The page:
The State Assembly Education Committee voted earlier this month to hold a bill sponsored by California State Representative Lois Wolk (D-Davis), which aimed to give school districts more flexibility in balancing their budgets during difficult years.
As California’s $16 billion budget deficit trickles down into schools, most districts are scrambling to find ways to balance their budgets. Assembly Bill 1908 would allow school districts to transfer unspent funds reserved for specific programs – categorical funds – into the unrestricted general fund for use in balancing the budget during difficult budget years.
“While the bill would not provide districts with a complete solution to the huge budget cuts proposed by the governor, it would provide districts with immediate, modest budget flexibility to assist them in difficult budget times such as California is experiencing now,” said Wolk in a press release.
The bill allows for the transfer of categorical funds only during years in which Proposition 98 is suspended. Proposition 98 created a formula for determining how much money the state gives school districts and set the minimum amount at 40 percent of the state budget.
The proposition, passed by California voters in 1988, can be suspended during difficult fiscal years to lower education funding below the 40 percent guarantee – an action Governor Schwarzenegger has suggested the legislature take in the 2008 to 2009 fiscal year.
After the bill was held in committee – effectively killing it – Wolk amended it to allow Dixon Unified School District to sell surplus farmland property to generate revenue and help resolve the district’s current financial crisis.
“After the bill died in [the] Assembly Education [Committee], it was amended to address an urgent need in the district,” said Melissa Jones, press secretary for Wolk.
The original bill was supported by both the Davis and Dixon school districts as well as the California School Boards Association.
“It would be helpful to have flexibility rather than having the money sit in the bank,” said Sheila Allen, president of the Davis Joint Unified School District school board. “There is money there that [this bill] would have made available to us.”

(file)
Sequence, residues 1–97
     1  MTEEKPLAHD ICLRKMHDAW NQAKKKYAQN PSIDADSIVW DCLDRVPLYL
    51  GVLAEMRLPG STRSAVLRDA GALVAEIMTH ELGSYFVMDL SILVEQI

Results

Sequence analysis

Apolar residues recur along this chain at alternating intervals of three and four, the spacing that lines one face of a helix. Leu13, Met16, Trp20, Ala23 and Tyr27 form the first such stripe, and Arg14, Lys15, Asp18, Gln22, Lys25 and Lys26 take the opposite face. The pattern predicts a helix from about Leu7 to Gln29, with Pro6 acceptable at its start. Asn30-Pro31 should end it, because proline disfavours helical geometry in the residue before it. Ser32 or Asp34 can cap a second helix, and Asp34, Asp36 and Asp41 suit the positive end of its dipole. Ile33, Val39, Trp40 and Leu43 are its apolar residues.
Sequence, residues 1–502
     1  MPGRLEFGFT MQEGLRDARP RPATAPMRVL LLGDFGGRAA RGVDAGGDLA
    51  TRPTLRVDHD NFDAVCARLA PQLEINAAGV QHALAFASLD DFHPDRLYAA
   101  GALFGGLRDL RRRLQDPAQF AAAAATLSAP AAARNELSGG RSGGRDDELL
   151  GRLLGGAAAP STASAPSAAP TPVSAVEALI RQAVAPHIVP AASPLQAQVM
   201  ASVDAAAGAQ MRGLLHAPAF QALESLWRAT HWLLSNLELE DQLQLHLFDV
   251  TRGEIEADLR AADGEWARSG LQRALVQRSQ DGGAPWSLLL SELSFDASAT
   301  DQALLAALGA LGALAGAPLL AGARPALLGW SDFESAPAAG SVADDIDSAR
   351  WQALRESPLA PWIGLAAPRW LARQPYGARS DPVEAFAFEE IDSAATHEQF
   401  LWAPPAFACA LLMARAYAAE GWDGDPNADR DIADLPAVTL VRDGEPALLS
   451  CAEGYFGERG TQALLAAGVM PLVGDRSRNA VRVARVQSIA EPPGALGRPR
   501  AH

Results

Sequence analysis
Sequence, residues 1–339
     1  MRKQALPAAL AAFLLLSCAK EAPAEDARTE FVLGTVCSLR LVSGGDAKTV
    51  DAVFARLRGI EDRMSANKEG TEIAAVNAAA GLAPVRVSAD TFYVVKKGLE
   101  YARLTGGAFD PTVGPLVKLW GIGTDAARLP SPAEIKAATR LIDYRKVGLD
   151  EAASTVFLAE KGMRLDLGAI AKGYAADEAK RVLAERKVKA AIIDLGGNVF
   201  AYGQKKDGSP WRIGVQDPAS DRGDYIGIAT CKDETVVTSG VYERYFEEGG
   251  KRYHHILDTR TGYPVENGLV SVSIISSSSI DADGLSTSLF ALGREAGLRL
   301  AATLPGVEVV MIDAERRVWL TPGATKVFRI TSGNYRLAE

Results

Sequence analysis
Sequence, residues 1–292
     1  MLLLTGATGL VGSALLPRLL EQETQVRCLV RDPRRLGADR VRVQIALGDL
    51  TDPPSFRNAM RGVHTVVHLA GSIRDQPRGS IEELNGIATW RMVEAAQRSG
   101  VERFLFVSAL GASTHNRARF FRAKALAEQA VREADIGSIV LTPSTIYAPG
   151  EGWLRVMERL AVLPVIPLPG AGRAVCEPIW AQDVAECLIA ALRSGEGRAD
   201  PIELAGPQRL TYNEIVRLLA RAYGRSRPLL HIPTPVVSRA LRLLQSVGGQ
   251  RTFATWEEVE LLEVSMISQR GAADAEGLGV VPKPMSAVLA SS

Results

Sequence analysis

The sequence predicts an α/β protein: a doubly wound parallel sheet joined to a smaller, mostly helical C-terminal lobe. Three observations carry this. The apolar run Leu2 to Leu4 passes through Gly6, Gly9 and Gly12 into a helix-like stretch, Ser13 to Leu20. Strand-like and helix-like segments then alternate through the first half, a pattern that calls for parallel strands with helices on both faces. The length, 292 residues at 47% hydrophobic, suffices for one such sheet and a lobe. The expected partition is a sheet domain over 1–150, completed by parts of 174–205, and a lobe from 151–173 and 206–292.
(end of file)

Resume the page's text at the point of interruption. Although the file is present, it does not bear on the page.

Opponents to the bill were concerned about allowing districts to take from important categorical funds that include special English learning programs, class size reduction, the Gifted and Talented Education program, the Advanced Placement program and various arts and music programs.
“[The bill] allowed for the use of funding for programs that are instructional in nature for non-instructional purposes,” said Martha Zaragoza-Diaz, legislative advocate for the Californians Together Coalition. “We believe those funds should stay with the student.”
The Californians Together Coalition, an organization representing language minority students and their immigrant parents, is among the registered opposition to the bill and spoke against it at a previous committee hearing.
“Any categorical reform proposal should be discussed in the context of broader school finance,” Zaragoza-Diaz said. “Categorical reform is just one component of school finance.”
In giving greater flexibility to the districts, the bill assumes the school board is very well-informed, Zaragoza-Diaz said. While this is true in Davis, other districts might not use these reserved funds wisely, she said.
The Education Committee is scheduled to discuss the amended version of AB 1908 regarding only the Dixon school district today.
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